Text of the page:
Protests are planned in more than 15 towns and cities across the UK on Saturday 12 July against the trade deal currently being negotiated between the EU and the US.

David Cameron is pushing hard for the Transatlantic Trade and Investment Partnership (TTIP), which critics have described as a ‘corporate power-grab’. Negotiators will meet in Brussels on Tuesday 15th July in an attempt to reach an agreement on the most contentious proposals in the deal.

Details of the protests and the trades unions and campaign groups involved can be found here.

London protest

Where: Protest departs from Department for Business, Energy and Skills, 1 Victoria St, SW1H 0ET, for an undisclosed location

When: 12.30pm, Saturday 12 July

Several hundred people are expected to join the London demonstration. Protestors will stage a ‘corporate puppet show’ with puppeteers on stilts representing big business and ‘puppets’ dressed as nurses to highlight the threat the deal poses to public services like the NHS. They will also play a ‘People v. Big Business’ football match with the odds stacked in favour of the business team.

US/EU Flags - FreeFoto

US/EU Flags – FreeFoto.com

Edinburgh city centre will see a corporate robot flashmob, while Brighton protestors will hold a boxing contest between corporations and citizens’ rights.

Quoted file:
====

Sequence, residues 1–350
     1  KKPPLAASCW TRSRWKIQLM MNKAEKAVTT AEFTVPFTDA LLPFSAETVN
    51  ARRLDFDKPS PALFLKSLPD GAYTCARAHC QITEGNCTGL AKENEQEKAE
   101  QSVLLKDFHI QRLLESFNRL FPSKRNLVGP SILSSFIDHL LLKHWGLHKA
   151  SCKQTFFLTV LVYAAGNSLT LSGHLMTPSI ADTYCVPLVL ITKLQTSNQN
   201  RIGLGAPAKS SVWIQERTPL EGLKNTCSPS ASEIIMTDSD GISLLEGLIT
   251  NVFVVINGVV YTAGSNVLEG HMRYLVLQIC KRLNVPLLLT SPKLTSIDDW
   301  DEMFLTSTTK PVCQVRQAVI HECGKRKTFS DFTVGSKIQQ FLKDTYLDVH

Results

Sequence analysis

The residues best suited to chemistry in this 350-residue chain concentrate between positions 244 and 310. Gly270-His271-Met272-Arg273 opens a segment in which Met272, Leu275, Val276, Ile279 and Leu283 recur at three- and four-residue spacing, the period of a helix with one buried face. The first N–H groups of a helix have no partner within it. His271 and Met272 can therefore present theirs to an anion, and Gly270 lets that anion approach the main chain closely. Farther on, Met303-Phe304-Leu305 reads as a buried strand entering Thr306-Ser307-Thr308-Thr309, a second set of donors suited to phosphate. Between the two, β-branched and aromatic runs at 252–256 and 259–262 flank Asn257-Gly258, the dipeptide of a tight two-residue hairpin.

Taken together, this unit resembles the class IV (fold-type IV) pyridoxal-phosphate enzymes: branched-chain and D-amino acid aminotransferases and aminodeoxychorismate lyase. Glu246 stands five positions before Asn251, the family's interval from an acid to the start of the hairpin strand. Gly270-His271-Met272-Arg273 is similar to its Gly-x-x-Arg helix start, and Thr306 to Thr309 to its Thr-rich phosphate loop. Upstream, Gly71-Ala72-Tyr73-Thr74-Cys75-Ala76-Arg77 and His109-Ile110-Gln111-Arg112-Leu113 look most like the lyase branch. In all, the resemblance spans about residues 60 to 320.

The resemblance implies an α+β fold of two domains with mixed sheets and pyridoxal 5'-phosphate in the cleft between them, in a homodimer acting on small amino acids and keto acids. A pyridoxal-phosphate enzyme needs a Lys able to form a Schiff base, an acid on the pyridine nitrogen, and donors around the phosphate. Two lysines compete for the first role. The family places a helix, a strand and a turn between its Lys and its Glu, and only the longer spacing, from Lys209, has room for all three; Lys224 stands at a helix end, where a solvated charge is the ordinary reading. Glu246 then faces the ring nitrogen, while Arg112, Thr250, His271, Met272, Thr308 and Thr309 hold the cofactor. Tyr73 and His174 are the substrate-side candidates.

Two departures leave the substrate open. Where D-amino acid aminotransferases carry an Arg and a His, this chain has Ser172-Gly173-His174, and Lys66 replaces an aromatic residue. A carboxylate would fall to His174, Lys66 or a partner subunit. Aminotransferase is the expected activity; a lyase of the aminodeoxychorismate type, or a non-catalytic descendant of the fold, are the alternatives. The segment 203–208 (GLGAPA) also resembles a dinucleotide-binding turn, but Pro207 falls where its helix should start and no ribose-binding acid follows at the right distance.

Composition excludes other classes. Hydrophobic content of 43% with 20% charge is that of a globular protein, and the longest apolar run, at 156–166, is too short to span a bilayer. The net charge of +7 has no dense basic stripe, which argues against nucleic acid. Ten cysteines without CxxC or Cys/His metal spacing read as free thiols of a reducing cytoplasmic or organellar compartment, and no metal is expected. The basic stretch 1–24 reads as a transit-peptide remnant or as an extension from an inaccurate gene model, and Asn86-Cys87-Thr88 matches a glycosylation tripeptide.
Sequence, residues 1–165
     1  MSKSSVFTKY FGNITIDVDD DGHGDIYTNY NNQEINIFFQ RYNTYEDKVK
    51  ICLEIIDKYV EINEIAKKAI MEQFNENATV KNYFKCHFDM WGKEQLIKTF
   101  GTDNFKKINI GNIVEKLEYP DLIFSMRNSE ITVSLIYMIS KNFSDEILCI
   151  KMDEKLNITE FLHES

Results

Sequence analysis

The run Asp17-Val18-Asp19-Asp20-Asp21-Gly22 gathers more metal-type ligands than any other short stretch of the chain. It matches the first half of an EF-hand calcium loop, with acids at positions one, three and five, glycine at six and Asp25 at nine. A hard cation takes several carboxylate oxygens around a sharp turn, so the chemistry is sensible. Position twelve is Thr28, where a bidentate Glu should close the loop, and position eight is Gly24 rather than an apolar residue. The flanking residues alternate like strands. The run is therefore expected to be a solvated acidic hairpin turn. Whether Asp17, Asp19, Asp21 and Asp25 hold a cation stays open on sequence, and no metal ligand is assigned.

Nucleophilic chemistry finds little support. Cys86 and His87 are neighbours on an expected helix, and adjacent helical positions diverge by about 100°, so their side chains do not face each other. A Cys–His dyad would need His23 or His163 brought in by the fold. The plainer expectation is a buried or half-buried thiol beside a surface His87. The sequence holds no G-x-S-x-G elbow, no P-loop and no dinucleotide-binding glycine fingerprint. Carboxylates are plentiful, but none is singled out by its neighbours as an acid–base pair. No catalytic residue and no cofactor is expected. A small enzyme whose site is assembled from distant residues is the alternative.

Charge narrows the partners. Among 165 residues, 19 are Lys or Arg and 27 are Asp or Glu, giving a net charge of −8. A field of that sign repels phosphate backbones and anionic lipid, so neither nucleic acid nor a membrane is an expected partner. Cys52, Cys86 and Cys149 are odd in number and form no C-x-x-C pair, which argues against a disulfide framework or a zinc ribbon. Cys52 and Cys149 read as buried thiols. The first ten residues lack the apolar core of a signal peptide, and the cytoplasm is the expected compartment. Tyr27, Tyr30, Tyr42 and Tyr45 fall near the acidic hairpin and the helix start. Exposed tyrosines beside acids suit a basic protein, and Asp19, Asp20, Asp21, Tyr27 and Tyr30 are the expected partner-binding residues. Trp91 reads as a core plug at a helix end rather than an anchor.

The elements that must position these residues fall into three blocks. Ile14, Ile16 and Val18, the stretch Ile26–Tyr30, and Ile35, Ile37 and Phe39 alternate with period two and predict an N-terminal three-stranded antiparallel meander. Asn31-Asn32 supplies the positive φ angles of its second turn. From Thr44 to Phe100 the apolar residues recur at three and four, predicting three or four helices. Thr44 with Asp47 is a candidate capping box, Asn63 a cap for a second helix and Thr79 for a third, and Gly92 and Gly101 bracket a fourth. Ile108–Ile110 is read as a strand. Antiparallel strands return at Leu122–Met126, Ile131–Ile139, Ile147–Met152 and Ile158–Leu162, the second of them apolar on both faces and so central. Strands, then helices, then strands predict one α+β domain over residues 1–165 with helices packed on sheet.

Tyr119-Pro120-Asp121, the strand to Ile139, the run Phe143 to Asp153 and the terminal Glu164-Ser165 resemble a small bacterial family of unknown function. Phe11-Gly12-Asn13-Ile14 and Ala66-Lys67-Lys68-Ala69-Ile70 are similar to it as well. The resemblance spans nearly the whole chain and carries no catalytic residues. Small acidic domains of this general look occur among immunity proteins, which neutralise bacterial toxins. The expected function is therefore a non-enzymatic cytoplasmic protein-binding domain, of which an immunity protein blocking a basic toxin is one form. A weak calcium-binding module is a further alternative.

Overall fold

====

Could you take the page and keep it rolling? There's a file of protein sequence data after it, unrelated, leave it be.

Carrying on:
Opponents of the deal believe it threatens to bring increased privatisation of schools and the NHS, the slashing of food and environmental rules to match much lower American standards, and up to a million job losses across the UK, the rest of Europe and the US. The deal would also hand big companies significant new powers, allowing them to sue governments for decisions they believed might reduce their profits.

Nick Dearden, director of the World Development Movement, said today:

“This deal would hand multinational companies unprecedented powers over life in this country, including the ability to sue a future government for billions of pounds if they didn’t like its decisions. David Cameron waxes lyrical about national sovereignty, but in pushing for this deal he is wilfully handing sovereignty to big business. The deal is not really about trade, it’s about entrenching the position of the one percent. It should be abandoned.”

More than 50 organisations are supporting the protests, including the World Development Movement, Friends of the Earth, War on Want, Unison and Occupy London.

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